A wise man once said, ” You don’t win friends with salad.” I’m not sure how many friends you’ll be winning with 2-1: West Coast Salad, but if you’re looking for something keto-friendly (we used to call that low-carb or “Atkins-friendly” back in the day, kids) and you need a break from the cookies and candies that are EVERYWHERE around this time of year, this might be the ticket.
By Western shore/West Coast, we’re referring to the western coast of the United States which includes the states of California (where I live and am from), Oregon, and Washington. The seafood is in fact different in the Pacific versus the Atlantic–you won’t find a lot of lobster here, but you will find an abundance of crab and mussels.
Howdy, y’all–it’s been a minute since we’ve last met. Like everyone else in the world, things can get busy/stressful/overwhelming for me at times and then unfortunately this project takes a backseat. I’ve still been making recipes here and there though, and I’ve got a few built up to share with you. I can’t promise a robust posting schedule (count me as partly responsible for the death of blogs) but I’ll do my best.
To kick things off, here’s 2-9: Pasta Salad, one from the new book. Ugh, I WANT that kitschy 70s flower/watering can picture–if I found it in a thrift store, it’d definitely be coming home with me. I’ll take those FABULOUS flower-shaped plates too.
I love that this is such a time-capsule of an era where we fully embraced carbs–I don’t know of too many people today that would classify pasta as “nutritious”. We were just on the precipice of the ridiculous food pyramid of the 1990s at this point, where we were advised to eat 6-11 servings of carbs a day and stay far, far away from anything fatty (low-fat/high-sugar EVERYTHING was the result).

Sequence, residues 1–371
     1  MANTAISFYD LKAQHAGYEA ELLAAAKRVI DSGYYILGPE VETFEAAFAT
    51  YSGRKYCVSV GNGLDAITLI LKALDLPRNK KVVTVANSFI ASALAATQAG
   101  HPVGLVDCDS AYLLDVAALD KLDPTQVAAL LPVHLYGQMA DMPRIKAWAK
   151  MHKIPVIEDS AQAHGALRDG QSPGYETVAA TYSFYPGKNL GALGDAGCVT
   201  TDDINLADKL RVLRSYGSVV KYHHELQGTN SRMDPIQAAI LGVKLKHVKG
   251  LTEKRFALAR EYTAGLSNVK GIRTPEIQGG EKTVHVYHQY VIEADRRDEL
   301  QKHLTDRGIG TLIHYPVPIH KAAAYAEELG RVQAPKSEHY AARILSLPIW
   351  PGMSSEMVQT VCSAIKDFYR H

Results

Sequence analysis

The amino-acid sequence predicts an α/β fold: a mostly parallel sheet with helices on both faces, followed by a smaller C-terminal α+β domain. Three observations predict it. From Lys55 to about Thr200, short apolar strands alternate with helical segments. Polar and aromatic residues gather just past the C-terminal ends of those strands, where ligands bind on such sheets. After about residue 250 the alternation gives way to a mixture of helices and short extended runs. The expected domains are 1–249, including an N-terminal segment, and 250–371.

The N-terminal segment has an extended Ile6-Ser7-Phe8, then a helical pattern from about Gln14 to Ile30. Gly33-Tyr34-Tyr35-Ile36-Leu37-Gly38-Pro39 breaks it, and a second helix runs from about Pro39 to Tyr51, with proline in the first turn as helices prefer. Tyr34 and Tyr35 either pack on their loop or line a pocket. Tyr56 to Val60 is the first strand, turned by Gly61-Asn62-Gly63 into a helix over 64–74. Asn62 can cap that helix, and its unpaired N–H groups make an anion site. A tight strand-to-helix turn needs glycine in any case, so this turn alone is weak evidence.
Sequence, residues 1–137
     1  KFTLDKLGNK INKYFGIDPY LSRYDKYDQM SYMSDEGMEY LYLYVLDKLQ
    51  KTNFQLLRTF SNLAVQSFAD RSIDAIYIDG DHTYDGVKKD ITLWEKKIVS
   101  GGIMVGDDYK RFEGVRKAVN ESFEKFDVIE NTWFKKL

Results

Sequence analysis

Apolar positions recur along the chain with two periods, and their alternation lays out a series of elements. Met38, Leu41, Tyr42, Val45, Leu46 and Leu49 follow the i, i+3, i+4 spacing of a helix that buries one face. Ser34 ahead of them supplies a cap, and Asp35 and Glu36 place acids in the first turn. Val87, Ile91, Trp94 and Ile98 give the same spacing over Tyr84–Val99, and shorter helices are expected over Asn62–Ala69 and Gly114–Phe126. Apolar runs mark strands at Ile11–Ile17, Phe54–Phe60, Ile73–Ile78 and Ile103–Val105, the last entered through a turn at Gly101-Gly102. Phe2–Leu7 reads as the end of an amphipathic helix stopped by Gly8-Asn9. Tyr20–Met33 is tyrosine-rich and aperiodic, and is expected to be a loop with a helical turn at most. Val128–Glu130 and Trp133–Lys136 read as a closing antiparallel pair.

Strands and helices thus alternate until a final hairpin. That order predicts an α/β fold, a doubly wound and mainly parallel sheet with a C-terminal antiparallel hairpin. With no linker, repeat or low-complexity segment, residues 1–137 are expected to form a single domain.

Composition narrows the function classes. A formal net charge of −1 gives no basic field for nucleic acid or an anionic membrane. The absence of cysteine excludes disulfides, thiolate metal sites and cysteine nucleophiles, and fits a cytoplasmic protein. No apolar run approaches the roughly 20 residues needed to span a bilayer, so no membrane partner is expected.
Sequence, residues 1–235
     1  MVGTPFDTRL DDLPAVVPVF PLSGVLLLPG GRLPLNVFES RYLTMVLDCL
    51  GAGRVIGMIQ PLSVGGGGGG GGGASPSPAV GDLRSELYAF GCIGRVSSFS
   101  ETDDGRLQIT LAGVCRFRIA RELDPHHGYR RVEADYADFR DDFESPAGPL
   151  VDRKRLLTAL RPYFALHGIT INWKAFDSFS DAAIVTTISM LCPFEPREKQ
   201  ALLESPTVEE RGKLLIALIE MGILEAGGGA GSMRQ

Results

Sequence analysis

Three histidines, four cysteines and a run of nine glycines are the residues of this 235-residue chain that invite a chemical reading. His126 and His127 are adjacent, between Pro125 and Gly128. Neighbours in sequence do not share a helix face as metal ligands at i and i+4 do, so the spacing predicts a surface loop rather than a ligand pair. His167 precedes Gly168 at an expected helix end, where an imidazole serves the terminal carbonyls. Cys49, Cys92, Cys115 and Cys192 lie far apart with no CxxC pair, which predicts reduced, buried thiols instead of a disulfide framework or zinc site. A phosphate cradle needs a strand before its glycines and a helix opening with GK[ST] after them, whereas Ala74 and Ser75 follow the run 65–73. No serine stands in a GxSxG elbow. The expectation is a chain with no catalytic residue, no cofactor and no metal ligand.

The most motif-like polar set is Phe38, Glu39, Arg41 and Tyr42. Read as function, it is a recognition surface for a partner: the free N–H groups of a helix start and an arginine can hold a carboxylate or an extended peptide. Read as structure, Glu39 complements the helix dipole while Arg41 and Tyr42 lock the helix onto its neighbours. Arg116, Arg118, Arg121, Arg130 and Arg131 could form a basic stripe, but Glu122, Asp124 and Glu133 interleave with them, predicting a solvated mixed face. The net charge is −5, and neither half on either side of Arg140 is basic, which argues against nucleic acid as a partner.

I also feel like Simply Delicious couldn’t figure out anything exciting to say about pasta salad, so they attempted to turn it into a half-assed history lesson. “He might have done it, maybe not, who knows! Have some pasta anyway!”
My elementary school education (which occurred around the same time) went pretty much the same way. Oh, the late 80s/early 90s.
Happy New Year! I recently posted about finding a NEW (to me) Simply Delicious book at a local thrift store, so we’ll start this new year off with the first recipe I’m going to cover from that batch of new recipes, 2-7: Coleslaw. A lot of these recipes fill “gaps” in the collection I already had, and this one is no exception. Coleslaw is a pretty well-known dish, and it’s probably one of the only instances where I enjoy cabbage.
Simply Delicious suggests you can eat coleslaw with just about anything, and they may not be too far off with that claim. Not only can you eat it with a sandwich, you can even put it IN the sandwich.
I recently published 19-19: Root Vegetables I, and promised its follow-up sometime in the future. Well, the future is NOW: here’s 19-20: Root Vegetables II.
For more root vegetable info and links to some recipes that use root vegetables, read on. Also, here’s some reading on Jain vegetarianism–did you know that they specifically don’t eat root vegetables? ?
I had intended on using the entry for 2-19: Country Bean Salad to make the tired joke about how no one likes bean salad or the person who brings it to a party. And to point out how it was always a skip for me at the salad bar (RIP salad bars/buffets, I will REALLY miss you).